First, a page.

Maureen Jones, the director of Citizens for Safe Drinking Water, is calling attention to the petition which, she says, supports the 11 environmental protection unions that are contending that there should be a nationwide moratorium on fluoridation due to recent bone cancer findings that were covered-up.
A letter dated August 5, 2005, adddressed to Hon. Daniel Inouye, ranking member of the senate committee on science and transportation, calls for a moratorium on the national program of the U.S. Public Health Service to fluoridate all of America's public water supplies. It was signed by the presidents of 11 U.S. Environmental Protection Agency labor union chapters and represents the viewpoint of their rank and file.
On the same day a letter signed by the same union leaders representing a majority of the EPA's employee unions, was directed to Stephen L. Johnson, U.S. EPA administrator, calling for setting the "maximum contaminant level goal for fluoride at zero."
What precipitated these letters was what they considered the "overall weight of evidence supporting the classification of fluoride as a human carcinogen, including new information from Harvard on the link between fluoride in drinking water and osteosarcoma in boys." The reference was to the results of a doctoral dissertation from the Harvard School of Dental Medicine by Elise Bassin, written in 2001, yet unpublished, which suggests a strong correlation between fluoride exposure and bone cancer, primarily for boys exposed at ages 6 through 8 years of age. Portions of the thesis were published on the Internet after anti-fluoridation activists gained access to the document at Harvard's Countway Library of Medicine.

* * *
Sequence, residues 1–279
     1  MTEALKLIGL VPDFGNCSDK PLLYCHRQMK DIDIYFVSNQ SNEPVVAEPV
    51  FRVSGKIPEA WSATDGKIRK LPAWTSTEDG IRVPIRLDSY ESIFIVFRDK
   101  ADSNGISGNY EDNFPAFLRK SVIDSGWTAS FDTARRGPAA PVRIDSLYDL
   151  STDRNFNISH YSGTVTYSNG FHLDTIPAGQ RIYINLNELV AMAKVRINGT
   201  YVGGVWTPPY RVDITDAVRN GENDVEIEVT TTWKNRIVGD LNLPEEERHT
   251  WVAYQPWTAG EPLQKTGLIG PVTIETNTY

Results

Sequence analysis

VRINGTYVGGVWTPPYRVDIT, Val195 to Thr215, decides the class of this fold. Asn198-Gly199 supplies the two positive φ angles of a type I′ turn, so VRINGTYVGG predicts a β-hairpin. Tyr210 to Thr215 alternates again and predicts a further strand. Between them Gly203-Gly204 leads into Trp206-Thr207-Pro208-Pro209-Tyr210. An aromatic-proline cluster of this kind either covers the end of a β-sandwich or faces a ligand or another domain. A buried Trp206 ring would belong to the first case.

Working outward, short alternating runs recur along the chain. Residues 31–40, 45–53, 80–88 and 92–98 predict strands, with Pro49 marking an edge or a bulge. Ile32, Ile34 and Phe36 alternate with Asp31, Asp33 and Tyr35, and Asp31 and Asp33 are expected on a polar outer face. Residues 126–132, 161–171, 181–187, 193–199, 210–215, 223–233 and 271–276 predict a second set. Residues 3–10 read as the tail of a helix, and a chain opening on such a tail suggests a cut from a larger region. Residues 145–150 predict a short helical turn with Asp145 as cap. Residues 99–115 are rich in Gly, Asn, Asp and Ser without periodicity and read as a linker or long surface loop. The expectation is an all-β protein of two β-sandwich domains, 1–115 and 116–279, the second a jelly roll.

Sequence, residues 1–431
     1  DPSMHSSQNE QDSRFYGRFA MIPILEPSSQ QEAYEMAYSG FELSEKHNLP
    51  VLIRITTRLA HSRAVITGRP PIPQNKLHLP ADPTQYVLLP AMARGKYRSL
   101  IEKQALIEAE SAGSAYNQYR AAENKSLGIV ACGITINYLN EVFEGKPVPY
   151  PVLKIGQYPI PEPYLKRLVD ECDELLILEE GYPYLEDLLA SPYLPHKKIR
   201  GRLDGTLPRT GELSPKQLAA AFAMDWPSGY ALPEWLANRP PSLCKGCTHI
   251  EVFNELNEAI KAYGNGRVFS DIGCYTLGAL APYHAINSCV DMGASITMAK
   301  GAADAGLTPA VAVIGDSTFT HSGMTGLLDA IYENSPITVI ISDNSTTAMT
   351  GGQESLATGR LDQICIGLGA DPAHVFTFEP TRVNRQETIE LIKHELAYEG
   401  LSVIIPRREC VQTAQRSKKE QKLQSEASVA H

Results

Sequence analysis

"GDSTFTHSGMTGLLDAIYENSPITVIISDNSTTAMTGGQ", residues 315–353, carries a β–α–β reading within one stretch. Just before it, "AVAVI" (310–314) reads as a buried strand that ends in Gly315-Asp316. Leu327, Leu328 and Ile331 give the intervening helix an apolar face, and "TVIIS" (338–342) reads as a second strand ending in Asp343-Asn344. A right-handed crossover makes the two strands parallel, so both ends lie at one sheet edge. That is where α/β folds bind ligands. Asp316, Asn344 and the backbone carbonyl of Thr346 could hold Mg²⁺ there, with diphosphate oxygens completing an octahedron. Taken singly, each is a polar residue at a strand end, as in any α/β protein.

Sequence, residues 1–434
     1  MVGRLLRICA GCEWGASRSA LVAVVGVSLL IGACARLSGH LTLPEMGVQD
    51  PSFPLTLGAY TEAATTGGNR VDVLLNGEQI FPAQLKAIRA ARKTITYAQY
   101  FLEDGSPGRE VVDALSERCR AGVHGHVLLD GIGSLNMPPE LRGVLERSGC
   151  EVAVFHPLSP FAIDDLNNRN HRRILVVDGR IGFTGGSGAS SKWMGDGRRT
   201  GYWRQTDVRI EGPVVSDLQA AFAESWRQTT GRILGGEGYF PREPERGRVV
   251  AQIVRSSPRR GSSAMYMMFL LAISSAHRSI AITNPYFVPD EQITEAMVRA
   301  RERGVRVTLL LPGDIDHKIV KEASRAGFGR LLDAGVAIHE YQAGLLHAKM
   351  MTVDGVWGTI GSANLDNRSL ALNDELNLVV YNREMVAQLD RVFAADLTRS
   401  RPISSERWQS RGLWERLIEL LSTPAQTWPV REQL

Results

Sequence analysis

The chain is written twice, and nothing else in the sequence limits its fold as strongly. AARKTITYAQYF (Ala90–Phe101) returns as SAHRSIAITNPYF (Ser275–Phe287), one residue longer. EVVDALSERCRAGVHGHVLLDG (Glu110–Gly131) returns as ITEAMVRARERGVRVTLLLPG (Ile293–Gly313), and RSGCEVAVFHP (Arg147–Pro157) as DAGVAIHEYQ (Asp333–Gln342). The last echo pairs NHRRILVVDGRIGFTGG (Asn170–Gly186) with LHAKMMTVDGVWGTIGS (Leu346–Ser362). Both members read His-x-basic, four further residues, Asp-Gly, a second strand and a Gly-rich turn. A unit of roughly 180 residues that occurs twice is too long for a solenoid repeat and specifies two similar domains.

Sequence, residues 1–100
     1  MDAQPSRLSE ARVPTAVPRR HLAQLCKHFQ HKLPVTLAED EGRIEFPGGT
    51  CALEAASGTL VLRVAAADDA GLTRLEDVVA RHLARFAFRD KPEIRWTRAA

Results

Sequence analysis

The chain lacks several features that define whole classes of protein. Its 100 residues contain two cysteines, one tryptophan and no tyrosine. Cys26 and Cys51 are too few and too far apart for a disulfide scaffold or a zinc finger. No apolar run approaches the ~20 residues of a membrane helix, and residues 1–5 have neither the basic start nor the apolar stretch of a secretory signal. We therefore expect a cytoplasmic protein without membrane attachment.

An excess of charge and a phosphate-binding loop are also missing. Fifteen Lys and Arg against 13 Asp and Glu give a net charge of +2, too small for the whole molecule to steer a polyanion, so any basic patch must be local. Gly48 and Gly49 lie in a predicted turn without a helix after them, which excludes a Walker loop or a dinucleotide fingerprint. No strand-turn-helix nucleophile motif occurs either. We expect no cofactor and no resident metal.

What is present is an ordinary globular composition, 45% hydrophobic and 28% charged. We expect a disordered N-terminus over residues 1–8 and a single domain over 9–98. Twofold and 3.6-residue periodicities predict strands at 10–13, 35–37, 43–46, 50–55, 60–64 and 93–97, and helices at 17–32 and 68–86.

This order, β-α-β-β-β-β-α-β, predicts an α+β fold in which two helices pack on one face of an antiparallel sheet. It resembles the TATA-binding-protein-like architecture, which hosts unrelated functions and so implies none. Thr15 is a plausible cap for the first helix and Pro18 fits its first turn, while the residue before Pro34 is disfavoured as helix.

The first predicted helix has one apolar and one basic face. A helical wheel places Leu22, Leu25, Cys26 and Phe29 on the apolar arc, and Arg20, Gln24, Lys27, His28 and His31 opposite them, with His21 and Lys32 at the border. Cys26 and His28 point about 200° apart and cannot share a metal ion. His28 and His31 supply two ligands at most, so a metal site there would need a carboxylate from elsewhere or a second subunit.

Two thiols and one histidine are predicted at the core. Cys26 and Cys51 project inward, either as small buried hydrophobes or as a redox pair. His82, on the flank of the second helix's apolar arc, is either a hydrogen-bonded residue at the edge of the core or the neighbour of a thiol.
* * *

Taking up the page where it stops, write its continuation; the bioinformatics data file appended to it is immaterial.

Although there has been prior evidence supporting the labeling of fluoride as a contaminent, the Joplin City Council without putting the measure to a vote of its citizens passed Ordinance 2004-203 on September 7, 2004 authorizing the introduction of fluoride to the public water supply. This mandate was implemented by Missouri American Water the beginning of August 2005. The company plans to pass along a cost of approximately $.30 a month for its residential customers and 1.8% to its industrial customers as part of a rate increase pending the approval of the Missouri Public Service Commission.
The Neosho City Council, on the other hand, voted unanimously to put the question of adding fluoride to the public water system on the April 2005 ballot. Carl Junction chose to do the same. In Carl Junction, the measure passed with 336 more "yes" votes than "no" votes. The proposal was squashed by voters in Neosho, with 1,223 opposing it and 509 favoring it.
Editor's note: In July 2005 Carol Kopf, a New York activist, attended the 60th birthday party for fluoridation. During that event, Kopf said, Ashley Micklewaite, the grants program officer at St. John's Medical Center, gave a speech in which she told how her group Smiles had been successful in fluoridating Joplin. In her talk she called attention to the spokesperson training offered by the ADA for anyone considering a fluoridation campaign in their community. She bragged how her group had flown under the radar of the anti-fluridationists and sought no media attention until the group was overwhelmingly organized. We hope that her comment, "Why would we do something to harm little children" doesn't backfire on her.